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Myomectomy

WHAT YOU NEED TO KNOW:

What do I need to know about a myomectomy?

A myomectomy is surgery to remove one or more myomas from your uterus. Myomas are also called fibroids or leiomyomas. A myomectomy can be done in several ways. Your surgeon will talk to you about the best way for you. This may depend on your age, health, how many fibroids you have, and where they are located.


How do I prepare for a myomectomy?

  • Your surgeon will talk to you about how to prepare for surgery. You may need to stop taking blood thinners or aspirin several days before your procedure. This will help decrease your risk for bleeding. Arrange for someone to drive you home after your procedure.
  • Your provider will tell you what medicines to take or not take on the day of your procedure. You may be given an antibiotic to prevent infection. Tell healthcare providers if you have ever had an allergic reaction to an antibiotic. You may be told not to eat or drink anything after midnight on the day of your procedure.

What will happen during a myomectomy?

  • Depending on the kind of surgery you have, you may need general or local anesthesia. General anesthesia will keep you asleep and free from pain during surgery. With local anesthesia, you may feel some pressure or pushing, but you should not feel any pain.
  • A tissue removal system may be used for a small fibroid. This procedure may be right for you if you want to keep having regular monthly periods and plan to become pregnant in the future. Your provider will guide a wand through your vagina and into your uterus. One side of the wand is made to cut the fibroid into pieces. Suction is used to pull the small pieces into the wand to remove them from your uterus. When all the pieces have been removed, the wand will be removed.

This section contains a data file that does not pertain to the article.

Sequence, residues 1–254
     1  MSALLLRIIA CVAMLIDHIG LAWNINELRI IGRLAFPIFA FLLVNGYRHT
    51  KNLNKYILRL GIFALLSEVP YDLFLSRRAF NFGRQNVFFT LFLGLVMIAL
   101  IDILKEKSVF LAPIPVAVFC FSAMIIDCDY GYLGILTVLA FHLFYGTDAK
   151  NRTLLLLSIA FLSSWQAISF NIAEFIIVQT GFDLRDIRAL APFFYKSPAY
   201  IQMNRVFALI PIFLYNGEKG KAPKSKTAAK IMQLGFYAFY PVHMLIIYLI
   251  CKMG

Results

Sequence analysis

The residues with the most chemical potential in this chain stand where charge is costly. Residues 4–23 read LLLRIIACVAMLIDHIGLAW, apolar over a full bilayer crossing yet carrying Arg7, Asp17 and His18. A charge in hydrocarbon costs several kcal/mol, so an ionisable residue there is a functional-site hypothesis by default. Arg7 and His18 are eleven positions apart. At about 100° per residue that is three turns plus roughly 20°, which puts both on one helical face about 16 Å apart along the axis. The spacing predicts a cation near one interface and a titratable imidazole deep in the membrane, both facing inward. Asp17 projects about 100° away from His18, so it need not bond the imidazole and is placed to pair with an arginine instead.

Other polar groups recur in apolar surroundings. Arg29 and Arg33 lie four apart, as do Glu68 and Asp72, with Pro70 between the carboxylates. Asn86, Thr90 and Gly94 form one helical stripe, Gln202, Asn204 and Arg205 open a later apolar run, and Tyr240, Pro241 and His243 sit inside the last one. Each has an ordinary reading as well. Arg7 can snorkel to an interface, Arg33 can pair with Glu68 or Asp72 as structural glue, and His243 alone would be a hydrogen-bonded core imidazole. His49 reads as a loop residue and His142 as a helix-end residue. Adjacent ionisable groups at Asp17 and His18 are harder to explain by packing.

• For a laparoscopic myomectomy, your surgeon will make smaller incisions in your abdomen. He or she will put tools through these incisions to open your uterus and locate the fibroid. Your surgeon will then cut the fibroid into smaller pieces. The fibroid will be removed through one of the smaller incisions or through a larger incision made on your abdomen. Your surgeon will close the incisions with medical tape. Bandages will cover your wounds to keep them clean.
  • You may need an open myomectomy for a larger fibroid, or for several fibroids. For an open myomectomy, your surgeon will make an incision across your abdomen. He or she will open your uterus and find the fibroid. The fibroid will be removed from your uterus. Your surgeon will close the incisions with stitches. Bandages will cover your stitches to keep them clean.

What should I expect after a myomectomy?

You may be able to go home the same day, or you may need to stay in the hospital. Depending on the type of procedure of surgery you had, you may have mild cramping or pain. You may have 1 large scar or a few small scars if you had a laparoscopic or open procedure. Scars should fade over time. You may also have some spotting. This usually lasts a few days, but it is normal for spotting to last up to 6 weeks.

What are the risks of a myomectomy?

You may get an infection in your wound. Your bowel, blood vessels, or uterus may be damaged. You may bleed more than expected and need a blood transfusion or a hysterectomy (surgery to remove your uterus). If you have a hysterectomy, you cannot get pregnant. After surgery, you may have trouble urinating or having a bowel movement. You may get fibroids again, even if your surgery is successful. You may have scar tissue that causes pain or makes it harder for you to get pregnant. You may get a blood clot in your leg or arm. This may become life-threatening.

Care Agreement

You have the right to help plan your care. Learn about your health condition and how it may be treated. Discuss treatment options with your healthcare providers to decide what care you want to receive. You always have the right to refuse treatment. The above information is an educational aid only. It is not intended as medical advice for individual conditions or treatments. Talk to your doctor, nurse or pharmacist before following any medical regimen to see if it is safe and effective for you.

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Further information

Always consult your healthcare provider to ensure the information displayed on this page applies to your personal circumstances.

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